08/06/11 9:45 PM ET
Scioscia: Pineiro won't work in close games
By David Ely / Special to MLB.com
Scioscia said that he wouldn't use Pineiro in close games while the right-hander works to solve the problems that brought about his recent four-game stretch in which he 0-3 with a 14.85 ERA.
"He'll be in a spot where he can get in a game and work on some stuff, so we'll either be up or down by a lot," Scioscia said. "That's where we are right now with him. Hopefully, he'll be able to get enough pitches and outings to see where he is, and combine it with the work he's doing with Mike Butcher.
"There's a lot of pitfalls to having to make this move, you don't want his length to evaporate. ... He needs to get off that treadmill and find himself."
Pineiro (5-6, 5.31 ERA) was last a reliever for the Boston Red Sox during the 2007 season, but he switched to a starting role following a midseason trade to St. Louis that year.
Hunter sees other end of defensive gem
ANAHEIM -- For most of his big league career, Torii Hunter made a name for himself with his defensive brilliance in center field, winning nine consecutive Gold Glove Awards at one point and robbing more than his fair share of extra-base hits and home runs.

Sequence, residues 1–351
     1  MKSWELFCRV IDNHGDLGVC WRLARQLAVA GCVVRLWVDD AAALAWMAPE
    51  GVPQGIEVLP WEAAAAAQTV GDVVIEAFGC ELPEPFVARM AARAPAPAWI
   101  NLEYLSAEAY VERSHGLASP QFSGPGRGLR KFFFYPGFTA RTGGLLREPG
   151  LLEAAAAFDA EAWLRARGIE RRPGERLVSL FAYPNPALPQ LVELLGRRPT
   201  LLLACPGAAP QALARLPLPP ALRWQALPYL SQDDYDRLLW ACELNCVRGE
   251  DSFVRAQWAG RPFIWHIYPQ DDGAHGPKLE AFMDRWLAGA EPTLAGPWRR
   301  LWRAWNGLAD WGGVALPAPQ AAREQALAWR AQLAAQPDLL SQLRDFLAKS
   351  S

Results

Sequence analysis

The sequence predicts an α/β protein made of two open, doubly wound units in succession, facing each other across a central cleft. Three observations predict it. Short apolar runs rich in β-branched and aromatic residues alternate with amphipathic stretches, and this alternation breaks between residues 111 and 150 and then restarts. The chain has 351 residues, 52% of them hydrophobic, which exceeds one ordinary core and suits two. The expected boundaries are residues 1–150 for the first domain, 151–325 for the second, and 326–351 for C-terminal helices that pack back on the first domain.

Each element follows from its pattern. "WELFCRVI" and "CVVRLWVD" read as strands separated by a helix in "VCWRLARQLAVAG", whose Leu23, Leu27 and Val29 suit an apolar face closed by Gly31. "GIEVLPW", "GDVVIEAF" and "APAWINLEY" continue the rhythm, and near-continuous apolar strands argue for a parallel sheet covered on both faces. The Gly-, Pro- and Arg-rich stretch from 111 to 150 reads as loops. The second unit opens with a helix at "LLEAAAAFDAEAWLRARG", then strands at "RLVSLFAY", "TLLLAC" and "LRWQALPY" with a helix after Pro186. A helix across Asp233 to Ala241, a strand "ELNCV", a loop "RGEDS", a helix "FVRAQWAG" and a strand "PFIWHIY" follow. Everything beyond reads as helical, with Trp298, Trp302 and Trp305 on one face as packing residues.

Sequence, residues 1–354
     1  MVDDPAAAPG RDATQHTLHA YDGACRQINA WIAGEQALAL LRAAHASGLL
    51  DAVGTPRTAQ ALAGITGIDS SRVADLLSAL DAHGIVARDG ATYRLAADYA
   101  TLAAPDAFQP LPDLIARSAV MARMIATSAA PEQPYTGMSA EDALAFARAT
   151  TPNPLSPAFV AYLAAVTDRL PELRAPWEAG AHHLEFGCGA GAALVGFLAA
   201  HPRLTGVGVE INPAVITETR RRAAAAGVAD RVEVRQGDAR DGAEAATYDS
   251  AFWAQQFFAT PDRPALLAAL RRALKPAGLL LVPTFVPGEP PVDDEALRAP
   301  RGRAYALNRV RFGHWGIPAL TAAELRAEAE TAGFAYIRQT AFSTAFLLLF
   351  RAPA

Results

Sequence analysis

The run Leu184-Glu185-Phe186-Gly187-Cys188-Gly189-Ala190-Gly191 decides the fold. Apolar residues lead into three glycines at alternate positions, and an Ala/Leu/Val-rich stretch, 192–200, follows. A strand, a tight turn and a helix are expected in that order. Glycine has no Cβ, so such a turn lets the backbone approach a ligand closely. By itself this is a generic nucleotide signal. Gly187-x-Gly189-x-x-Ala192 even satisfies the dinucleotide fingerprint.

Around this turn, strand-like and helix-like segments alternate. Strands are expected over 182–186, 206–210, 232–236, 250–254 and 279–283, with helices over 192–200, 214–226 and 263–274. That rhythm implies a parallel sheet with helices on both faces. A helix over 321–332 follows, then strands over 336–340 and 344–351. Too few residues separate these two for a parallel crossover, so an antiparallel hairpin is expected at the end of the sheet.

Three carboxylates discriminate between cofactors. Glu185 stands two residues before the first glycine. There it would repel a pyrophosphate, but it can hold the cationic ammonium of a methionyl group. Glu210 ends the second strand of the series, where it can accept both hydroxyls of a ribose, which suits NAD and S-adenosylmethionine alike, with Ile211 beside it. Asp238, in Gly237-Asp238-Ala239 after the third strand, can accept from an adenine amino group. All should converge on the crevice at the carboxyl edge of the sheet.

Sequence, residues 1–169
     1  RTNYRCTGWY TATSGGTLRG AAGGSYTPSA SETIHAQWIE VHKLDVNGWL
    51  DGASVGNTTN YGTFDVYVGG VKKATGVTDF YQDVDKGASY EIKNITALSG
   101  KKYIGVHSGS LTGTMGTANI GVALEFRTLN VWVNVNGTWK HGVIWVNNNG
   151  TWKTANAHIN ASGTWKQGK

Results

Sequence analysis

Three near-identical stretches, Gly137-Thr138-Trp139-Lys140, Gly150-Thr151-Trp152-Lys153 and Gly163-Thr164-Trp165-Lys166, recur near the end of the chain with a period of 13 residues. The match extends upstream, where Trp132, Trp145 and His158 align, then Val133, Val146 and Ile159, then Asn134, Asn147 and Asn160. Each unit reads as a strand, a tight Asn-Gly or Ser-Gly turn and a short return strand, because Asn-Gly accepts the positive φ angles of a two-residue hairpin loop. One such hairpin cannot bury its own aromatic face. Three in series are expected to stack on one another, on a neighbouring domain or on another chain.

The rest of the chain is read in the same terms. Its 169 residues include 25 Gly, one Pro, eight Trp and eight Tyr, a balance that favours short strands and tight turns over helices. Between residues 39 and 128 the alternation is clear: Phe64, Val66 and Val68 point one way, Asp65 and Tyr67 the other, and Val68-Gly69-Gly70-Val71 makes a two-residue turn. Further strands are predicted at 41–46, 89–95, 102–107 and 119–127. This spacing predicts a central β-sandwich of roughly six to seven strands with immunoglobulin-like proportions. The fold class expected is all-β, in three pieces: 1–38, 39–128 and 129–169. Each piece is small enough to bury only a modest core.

For that reason, Mariners rookie left fielder Trayvon Robinson effectively "Torii Hunter-ed" the Angels' veteran right fielder on Friday night, with a home-run-saving catch in the third inning. This turn of events elicited conflicting emotions from Hunter: a combination of disgust and admiration on behalf of solid glove work.
"It felt bad to be on the other end of it," Hunter said. "I was running around first and I saw him catch it. ... I really felt bad. And I really liked it, though, at the same time.
"Something you love to hate, that's what it felt like."
According to Hunter, the last time a player robbed him of a homer was close to 10 years ago, when Mike Cameron made a similar play.
"It had been that long since someone ... took a home run away," Hunter said. "I didn't hit it good. I hit it off the end of the bat, and it just lingered right over."
But Robinson didn't simply pluck the ball out of the stands. He reached over the left-field wall to snatch the ball out of the first row, momentarily losing his cap in the process of becoming that night's top play on "SportsCenter."
David Ely is a contributor to MLB.com. This story was not subject to the approval of Major League Baseball or its clubs.